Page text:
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Art

Discussion in 'Fine Living, Home, Design & Auto' started by SoCal2NYC, Jun 15, 2007.

  1. RSS

    RSS Well-Known Member

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    Of the same general period as John Singer Sargent...

    Frank Benson: [​IMG]
     
  2. CDFS

    CDFS Well-Known Member

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    [​IMG]


    I was but a man; now I'm an artist.
     
  3. eglbc

    eglbc Well-Known Member

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    I just broke my fiances natalia fabia chandelier.
    I need to get her something to replace it. I want something graphic or possibly a photo, as most of our art is abstract/expressive right now.

    Can anyone suggest a primitive/neo/folk print maker as well as a modern photographer similar to mcginley but not as expensive? Or maybe a site similar to iconoclast editions?

    500$ +/- is the range

    Thanks!
     
  4. mordecai

    mordecai Well-Known Member

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  5. Bhowie

    Bhowie Well-Known Member

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    CSBh: When getting quotes from moving companies the lady was telling me there was a form for listing items that were over $100 per pound in value. She then asked me if I had any Thomas Kinkade art work, as this would be the place to make note of it. [​IMG]
     
  6. mordecai

    mordecai Well-Known Member

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  7. RSS

    RSS Well-Known Member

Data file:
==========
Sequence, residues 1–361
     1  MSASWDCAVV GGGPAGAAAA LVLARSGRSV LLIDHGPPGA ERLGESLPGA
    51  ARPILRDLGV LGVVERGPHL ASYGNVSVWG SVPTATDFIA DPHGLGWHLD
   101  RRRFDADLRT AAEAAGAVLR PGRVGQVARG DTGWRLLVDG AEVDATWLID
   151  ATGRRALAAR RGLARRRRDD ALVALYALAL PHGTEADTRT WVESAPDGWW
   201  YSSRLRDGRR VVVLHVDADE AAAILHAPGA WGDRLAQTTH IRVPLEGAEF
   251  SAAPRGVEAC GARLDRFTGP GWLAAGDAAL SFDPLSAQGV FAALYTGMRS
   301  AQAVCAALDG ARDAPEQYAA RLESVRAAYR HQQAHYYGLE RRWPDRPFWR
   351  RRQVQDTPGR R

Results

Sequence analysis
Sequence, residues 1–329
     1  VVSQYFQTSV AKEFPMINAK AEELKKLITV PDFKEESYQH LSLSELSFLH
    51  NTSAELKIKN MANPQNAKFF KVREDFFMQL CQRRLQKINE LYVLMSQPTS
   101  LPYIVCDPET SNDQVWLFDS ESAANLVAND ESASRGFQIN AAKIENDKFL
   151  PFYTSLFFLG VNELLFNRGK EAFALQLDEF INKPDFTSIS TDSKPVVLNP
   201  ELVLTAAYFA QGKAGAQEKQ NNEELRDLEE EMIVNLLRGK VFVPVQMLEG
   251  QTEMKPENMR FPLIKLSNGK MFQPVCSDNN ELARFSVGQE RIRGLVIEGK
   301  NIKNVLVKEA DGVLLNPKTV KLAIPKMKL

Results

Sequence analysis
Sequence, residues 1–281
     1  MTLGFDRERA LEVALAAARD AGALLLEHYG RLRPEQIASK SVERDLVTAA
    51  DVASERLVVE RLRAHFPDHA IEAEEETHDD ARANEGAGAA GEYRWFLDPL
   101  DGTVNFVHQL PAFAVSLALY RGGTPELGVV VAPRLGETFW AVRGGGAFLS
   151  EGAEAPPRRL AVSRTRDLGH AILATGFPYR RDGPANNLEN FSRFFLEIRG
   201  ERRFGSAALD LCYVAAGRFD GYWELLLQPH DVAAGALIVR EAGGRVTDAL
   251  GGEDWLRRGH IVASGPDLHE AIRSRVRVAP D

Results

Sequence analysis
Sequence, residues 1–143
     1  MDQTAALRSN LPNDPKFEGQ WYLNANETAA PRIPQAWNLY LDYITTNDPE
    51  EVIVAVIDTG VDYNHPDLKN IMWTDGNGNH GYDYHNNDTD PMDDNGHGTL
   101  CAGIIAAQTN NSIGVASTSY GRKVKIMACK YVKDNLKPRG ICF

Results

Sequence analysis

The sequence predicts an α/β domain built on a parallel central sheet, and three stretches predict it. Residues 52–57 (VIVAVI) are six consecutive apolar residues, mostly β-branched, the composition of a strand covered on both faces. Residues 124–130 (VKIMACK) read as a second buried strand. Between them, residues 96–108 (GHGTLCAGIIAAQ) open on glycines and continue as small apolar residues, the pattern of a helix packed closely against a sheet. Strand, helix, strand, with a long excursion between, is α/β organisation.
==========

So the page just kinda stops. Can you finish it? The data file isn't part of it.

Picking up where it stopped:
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    [​IMG]
    I formerly liked your taste.
     
  8. mordecai

    mordecai Well-Known Member

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    I formerly liked your taste.
    I actually hate Murakami, but there is something kind of funny about him using those retarded images present in every single one of his paintings as part of an ad for google. There is no artist or image in the art world for which the word is more appropriate. Don't know if that is intentional or self aware.
     
  9. RSS

    RSS Well-Known Member

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  10. Reggs

    Reggs Well-Known Member

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    My girlfriend had a Murakami book. He had a show in LA a few years that I went to. I remember in the book they had a pic of that sculpture he made; a blond anime guy ejaculating into the air. I always assumed that was a figurine. It was quite intimidating to walk into the show, then realizing the ejaculating man was a 9 foot tall statue that would tower over you.
     
  11. mordecai

    mordecai Well-Known Member

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    5 recent skull pieces by different artists at Blum & Poe

    [​IMG]

    [​IMG]

    [​IMG]

    [​IMG]

    [​IMG]
     
  12. StephenHero

    StephenHero Well-Known Member

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  13. driveslowk

    driveslowk Well-Known Member

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  14. mordecai

    mordecai Well-Known Member